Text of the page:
Considering the fact that psoriatic biomarkers presented in the available literature are not entirely specific or sensitive, researchers are attempting to find parameters implicated in the pathogenesis of psoriasis, whose levels would correlate more closely with disease presence and severity. In this study, we examined the plasma levels of MMP-3 (stromelysin 1), MMP-9 (gelatinase B) and TIMP-3 in psoriatic patients with respect to disease advancement. Moreover, we aimed to reveal the impact of the commonly administered NBUVB treatment on the concentration of selected parameters.
Materials and methods
Table 1 shows the tested groups. This prospective study included 49 plaque psoriasis patients whose condition was diagnosed and treated in the Outpatient Clinic of the Department of Dermatology, University Hospital, Bialystok, Poland, between 2013 and 2015. Participants were assigned to specific groups of disease advancement on the basis of Psoriasis Area and Severity Index (PASI) formulated by Fredriksson and Pettersson.12 Furthermore, patients with a mild form of the disease were divided into two subgroups – Ia (PASI <5) and Ib (PASI 5–10).
Table 1 Characteristics of psoriatic patients and the control group
All patients underwent a course of NBUVB phototherapy consisting of 20 sessions. Considering the fact that this kind of treatment is suitable for patients with mild and moderate forms of psoriasis, the study included patients with a PASI score between 2 and 30.
The control group consisted of 40 healthy volunteers who had never suffered from any autoimmunologic or chronic dermatologic diseases. The key exclusion criterion in both groups was any additional pharmacotherapy.
All patients gave their informed consent for participation in the study. The study was approved by the Biochemical Committee of the Medical University of Bialystok (No R-I-002/74/2014).
Whole-body irradiation was performed in a Cosmedico GP-36 phototherapy cabinet (Cosmedico Medical System, Stuttgart, Germany), equipped with NBUVB 311 nm TL-01 100W tubes (Heine.Med, Baden-Württemberg, Germany). The energy output was measured with a standard intrinsic UV meter.
Individual minimum erythema doses of NBUVB were determined prior to the commencement of exposure to prevent burns. The patients underwent two to three treatments weekly (up to a total number of 20), starting with an NBUVB dose of 0.018–0.025 J/cm2 and increasing it by ~10%–20% per week, up to a maximum dose of 2.015 J/cm2.
Venous blood samples were collected from each patient twice – prior to the commencement and following the last (20th) NBUVB phototherapy treatment – into a heparin sodium tube, centrifuged for 15 min at 1,000× g to obtain plasma samples and stored at −85°C until the assay. The tested parameters were measured with enzyme-linked immunosorbent assay (MMP-3 and MMP-9 with Quantikine Human HGFs Immunoassay, R&D Systems, Inc., Minneapolis, MN, USA; TIMP-3 with Quantikine Human MMP-3 Immunoassay, Wuhan EIAab Science Co., Wuhan, People’s Republic of China), according to the manufacturer’s protocols. Duplicate samples were assessed for each patient.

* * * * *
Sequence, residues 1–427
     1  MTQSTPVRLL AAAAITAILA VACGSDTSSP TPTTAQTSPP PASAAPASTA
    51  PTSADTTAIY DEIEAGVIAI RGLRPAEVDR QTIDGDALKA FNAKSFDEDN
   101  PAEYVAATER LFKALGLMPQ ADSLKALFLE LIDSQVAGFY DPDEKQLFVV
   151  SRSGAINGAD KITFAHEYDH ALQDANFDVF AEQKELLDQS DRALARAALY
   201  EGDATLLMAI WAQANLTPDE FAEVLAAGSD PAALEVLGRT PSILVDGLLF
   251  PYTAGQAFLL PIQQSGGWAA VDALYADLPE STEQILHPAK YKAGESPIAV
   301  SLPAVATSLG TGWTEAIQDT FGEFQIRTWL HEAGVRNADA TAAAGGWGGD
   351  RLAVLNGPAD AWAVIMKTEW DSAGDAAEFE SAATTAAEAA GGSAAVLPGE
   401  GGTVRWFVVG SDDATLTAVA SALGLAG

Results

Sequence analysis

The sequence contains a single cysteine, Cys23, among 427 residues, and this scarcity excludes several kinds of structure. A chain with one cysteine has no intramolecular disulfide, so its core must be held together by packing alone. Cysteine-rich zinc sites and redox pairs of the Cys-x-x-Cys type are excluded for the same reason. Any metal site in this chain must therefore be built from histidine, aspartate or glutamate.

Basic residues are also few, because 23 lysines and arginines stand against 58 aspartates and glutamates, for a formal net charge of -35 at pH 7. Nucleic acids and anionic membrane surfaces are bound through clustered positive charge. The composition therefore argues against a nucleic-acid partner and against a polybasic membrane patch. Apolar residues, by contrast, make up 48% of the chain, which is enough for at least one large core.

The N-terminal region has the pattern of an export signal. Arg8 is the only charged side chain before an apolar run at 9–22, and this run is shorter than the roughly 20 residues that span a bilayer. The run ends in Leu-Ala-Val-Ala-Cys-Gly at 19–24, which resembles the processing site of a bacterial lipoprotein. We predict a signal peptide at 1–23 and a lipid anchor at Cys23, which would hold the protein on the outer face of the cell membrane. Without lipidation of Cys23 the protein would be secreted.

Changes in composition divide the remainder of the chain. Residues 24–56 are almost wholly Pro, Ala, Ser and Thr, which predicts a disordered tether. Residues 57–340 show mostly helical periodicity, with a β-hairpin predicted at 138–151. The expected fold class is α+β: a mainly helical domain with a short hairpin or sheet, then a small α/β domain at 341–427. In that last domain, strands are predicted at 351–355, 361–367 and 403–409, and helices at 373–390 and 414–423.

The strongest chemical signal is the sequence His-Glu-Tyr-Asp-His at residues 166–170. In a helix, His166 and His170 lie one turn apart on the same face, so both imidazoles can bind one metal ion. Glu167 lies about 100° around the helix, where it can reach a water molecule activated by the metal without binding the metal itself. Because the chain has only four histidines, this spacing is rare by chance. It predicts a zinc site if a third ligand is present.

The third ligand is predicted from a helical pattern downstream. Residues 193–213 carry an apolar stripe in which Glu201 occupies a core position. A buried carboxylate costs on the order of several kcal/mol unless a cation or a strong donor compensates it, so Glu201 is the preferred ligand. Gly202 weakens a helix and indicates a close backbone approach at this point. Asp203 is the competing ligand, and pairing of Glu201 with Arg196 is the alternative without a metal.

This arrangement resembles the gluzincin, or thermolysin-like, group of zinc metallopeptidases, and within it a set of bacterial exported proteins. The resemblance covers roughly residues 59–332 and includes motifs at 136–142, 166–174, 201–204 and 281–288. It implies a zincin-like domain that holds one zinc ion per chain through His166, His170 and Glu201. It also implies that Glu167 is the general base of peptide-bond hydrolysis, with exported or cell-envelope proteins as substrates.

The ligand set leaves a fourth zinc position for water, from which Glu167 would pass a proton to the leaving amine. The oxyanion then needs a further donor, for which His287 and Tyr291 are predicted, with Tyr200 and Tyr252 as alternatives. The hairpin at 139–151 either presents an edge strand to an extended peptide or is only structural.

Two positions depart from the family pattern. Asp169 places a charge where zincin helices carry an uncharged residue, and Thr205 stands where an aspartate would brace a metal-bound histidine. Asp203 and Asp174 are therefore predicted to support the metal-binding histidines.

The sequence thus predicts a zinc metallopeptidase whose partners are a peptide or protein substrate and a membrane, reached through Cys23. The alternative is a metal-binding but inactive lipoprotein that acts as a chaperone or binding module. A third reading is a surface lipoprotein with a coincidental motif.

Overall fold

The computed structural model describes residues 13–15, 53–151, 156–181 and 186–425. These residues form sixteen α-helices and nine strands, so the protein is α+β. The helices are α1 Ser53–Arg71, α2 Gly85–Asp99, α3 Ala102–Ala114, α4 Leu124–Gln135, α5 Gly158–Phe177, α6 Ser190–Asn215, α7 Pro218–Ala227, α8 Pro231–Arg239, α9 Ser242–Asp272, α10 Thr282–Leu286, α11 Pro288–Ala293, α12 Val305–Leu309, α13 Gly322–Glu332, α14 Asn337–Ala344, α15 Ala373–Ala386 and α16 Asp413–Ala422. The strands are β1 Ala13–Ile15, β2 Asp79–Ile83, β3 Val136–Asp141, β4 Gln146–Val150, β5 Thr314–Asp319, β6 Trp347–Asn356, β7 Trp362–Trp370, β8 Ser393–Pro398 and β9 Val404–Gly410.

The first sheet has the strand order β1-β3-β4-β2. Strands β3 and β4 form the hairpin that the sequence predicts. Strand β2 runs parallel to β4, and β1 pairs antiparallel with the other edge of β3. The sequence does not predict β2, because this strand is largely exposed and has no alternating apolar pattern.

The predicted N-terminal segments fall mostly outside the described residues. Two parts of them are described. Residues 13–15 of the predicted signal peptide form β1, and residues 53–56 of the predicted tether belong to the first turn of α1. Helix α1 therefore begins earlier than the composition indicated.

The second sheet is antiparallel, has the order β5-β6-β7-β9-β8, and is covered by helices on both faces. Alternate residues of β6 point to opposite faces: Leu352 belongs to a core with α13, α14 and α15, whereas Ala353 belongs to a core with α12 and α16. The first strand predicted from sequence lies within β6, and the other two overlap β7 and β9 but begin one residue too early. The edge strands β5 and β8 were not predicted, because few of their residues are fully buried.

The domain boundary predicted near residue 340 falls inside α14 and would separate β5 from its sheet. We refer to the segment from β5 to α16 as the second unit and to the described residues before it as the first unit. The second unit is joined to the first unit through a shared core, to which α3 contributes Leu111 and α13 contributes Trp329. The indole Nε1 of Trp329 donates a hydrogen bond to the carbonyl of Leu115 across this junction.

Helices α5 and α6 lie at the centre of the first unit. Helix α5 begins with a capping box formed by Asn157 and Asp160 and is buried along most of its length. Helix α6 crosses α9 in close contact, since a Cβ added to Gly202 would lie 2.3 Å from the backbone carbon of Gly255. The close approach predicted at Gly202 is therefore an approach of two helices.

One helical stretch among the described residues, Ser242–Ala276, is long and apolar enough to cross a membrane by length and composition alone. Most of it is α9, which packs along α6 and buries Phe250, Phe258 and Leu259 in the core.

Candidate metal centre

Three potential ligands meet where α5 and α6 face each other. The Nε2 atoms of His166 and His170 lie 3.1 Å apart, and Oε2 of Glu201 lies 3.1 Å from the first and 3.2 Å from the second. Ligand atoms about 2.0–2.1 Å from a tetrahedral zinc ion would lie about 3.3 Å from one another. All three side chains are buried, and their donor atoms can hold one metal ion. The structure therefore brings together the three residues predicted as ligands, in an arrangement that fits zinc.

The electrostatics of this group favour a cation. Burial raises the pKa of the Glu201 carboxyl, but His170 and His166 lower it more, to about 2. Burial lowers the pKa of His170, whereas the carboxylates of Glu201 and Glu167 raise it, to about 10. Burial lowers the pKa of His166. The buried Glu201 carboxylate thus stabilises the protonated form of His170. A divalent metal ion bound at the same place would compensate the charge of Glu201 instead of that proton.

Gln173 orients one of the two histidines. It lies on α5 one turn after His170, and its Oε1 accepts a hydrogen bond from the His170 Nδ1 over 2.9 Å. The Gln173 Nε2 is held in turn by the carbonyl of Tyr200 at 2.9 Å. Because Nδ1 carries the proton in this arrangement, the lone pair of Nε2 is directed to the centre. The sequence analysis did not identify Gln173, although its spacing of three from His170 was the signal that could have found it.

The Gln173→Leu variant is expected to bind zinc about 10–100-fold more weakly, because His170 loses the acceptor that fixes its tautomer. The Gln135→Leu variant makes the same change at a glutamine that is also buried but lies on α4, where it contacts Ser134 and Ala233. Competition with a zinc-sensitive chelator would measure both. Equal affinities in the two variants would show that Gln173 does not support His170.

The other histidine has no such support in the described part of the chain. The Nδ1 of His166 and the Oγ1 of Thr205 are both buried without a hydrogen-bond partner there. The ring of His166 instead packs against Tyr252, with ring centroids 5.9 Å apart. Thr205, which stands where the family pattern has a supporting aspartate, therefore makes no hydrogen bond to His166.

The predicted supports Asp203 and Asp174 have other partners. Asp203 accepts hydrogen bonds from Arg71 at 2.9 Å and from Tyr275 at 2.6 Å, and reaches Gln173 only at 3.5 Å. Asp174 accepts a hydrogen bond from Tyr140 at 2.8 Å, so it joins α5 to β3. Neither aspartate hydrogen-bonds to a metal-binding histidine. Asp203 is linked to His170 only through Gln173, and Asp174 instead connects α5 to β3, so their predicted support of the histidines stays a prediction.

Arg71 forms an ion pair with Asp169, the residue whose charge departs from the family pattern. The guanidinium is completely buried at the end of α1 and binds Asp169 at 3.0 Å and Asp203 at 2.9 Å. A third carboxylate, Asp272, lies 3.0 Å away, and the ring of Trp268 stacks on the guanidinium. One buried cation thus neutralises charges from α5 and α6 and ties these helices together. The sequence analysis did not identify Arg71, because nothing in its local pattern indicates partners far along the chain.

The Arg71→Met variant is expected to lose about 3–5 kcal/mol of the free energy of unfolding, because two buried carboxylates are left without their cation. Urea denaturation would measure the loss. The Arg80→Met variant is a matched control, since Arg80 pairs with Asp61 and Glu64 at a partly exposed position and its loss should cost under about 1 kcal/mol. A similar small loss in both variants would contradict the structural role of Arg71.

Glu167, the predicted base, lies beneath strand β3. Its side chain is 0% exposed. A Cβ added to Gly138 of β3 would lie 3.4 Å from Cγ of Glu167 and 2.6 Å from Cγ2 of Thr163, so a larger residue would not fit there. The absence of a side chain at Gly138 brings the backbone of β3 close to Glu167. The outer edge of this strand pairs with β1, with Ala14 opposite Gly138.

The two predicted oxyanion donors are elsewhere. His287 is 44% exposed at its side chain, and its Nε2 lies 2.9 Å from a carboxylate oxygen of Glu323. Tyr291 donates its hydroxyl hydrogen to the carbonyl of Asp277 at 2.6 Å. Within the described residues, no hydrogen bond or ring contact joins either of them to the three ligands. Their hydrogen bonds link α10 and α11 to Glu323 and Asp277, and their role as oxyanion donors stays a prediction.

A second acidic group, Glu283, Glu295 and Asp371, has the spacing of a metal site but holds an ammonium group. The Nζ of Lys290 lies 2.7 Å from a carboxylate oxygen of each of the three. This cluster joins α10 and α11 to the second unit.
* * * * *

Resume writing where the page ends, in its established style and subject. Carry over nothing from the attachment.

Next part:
The intraassay coefficient of variation (CV%) of MMP-3 is reported to be 6.1% at a mean concentration of 3.21 ng/mL, standard deviation (SD) =0.197, for MMP-9 1.9% at a mean concentration of 2.04 ng/mL, SD =0.039 and for TIMP-3 it is 6.1%.
The interassay coefficient of variation (CV%) of MMP-3 is reported to be 7.0% at a mean concentration of 3.08 ng/mL, SD =0.217, for MMP-9 7.8% at a mean concentration of 2.35 ng/mL, SD =0.184 and for TIMP-3 it is 8.4%.
The assay showed no significant cross-reactivity or interference with numerous human cytokines and other growth factors.
Statistical analysis was performed using STATISTICA 12.0 PL Program. Preliminary statistical analysis revealed that MMP-3, MMP-9 and TIMP-3 failed to follow a normal distribution. Consequently, the Mann–Whitney U test was used for comparative statistical analysis between psoriatic patients and the control group. Additionally, statistical analysis between the groups with different severity of psoriasis was performed with the use of the Bonferroni correction. Moreover, the Wilcoxon matched pair test was used for statistical analysis of changes in parameters occurring throughout the period of the NBUVB phototherapy treatment. The data were presented as median, mean and range. Spearman rank correlation was used in correlation analysis. Statistically significant differences were defined as comparisons resulting in P<0.05.
Mean PASI value of patients enrolled in the study was 8.53 (range 2.0–25.0). After the completion of the treatment, the mean PASI decreased to 4.74 (range 0–18.2). Mean PASI improvement was 52%.